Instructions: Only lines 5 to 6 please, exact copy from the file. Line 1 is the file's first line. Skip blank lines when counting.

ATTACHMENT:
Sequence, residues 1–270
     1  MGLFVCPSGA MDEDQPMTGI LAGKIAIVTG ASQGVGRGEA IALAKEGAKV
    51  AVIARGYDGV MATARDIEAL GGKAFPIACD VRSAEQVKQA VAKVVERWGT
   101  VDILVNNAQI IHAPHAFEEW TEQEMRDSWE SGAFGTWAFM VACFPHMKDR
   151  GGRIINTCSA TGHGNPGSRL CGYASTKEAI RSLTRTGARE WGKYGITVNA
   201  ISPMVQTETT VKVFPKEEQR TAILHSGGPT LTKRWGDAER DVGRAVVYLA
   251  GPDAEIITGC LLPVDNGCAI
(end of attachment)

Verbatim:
   151  GGRIINTCSA TGHGNPGSRL CGYASTKEAI RSLTRTGARE WGKYGITVNA
   201  ISPMVQTETT VKVFPKEEQR TAILHSGGPT LTKRWGDAER DVGRAVVYLA